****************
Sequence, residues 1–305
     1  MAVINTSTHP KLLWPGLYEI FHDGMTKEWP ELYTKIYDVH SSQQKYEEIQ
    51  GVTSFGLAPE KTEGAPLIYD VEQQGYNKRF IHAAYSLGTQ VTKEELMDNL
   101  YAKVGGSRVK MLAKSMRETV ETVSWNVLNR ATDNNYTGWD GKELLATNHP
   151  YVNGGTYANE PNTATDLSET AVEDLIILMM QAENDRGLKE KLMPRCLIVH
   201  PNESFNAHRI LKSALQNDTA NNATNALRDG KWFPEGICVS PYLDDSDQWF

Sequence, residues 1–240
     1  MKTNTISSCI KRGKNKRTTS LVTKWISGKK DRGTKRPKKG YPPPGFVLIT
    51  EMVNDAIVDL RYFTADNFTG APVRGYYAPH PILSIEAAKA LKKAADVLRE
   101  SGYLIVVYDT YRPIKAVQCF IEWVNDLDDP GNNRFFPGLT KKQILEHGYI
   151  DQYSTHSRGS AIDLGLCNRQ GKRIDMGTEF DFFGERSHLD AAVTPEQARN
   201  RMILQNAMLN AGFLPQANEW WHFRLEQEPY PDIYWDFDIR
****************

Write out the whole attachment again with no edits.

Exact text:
Sequence, residues 1–305
     1  MAVINTSTHP KLLWPGLYEI FHDGMTKEWP ELYTKIYDVH SSQQKYEEIQ
    51  GVTSFGLAPE KTEGAPLIYD VEQQGYNKRF IHAAYSLGTQ VTKEELMDNL
   101  YAKVGGSRVK MLAKSMRETV ETVSWNVLNR ATDNNYTGWD GKELLATNHP
   151  YVNGGTYANE PNTATDLSET AVEDLIILMM QAENDRGLKE KLMPRCLIVH
   201  PNESFNAHRI LKSALQNDTA NNATNALRDG KWFPEGICVS PYLDDSDQWF

Sequence, residues 1–240
     1  MKTNTISSCI KRGKNKRTTS LVTKWISGKK DRGTKRPKKG YPPPGFVLIT
    51  EMVNDAIVDL RYFTADNFTG APVRGYYAPH PILSIEAAKA LKKAADVLRE
   101  SGYLIVVYDT YRPIKAVQCF IEWVNDLDDP GNNRFFPGLT KKQILEHGYI
   151  DQYSTHSRGS AIDLGLCNRQ GKRIDMGTEF DFFGERSHLD AAVTPEQARN
   201  RMILQNAMLN AGFLPQANEW WHFRLEQEPY PDIYWDFDIR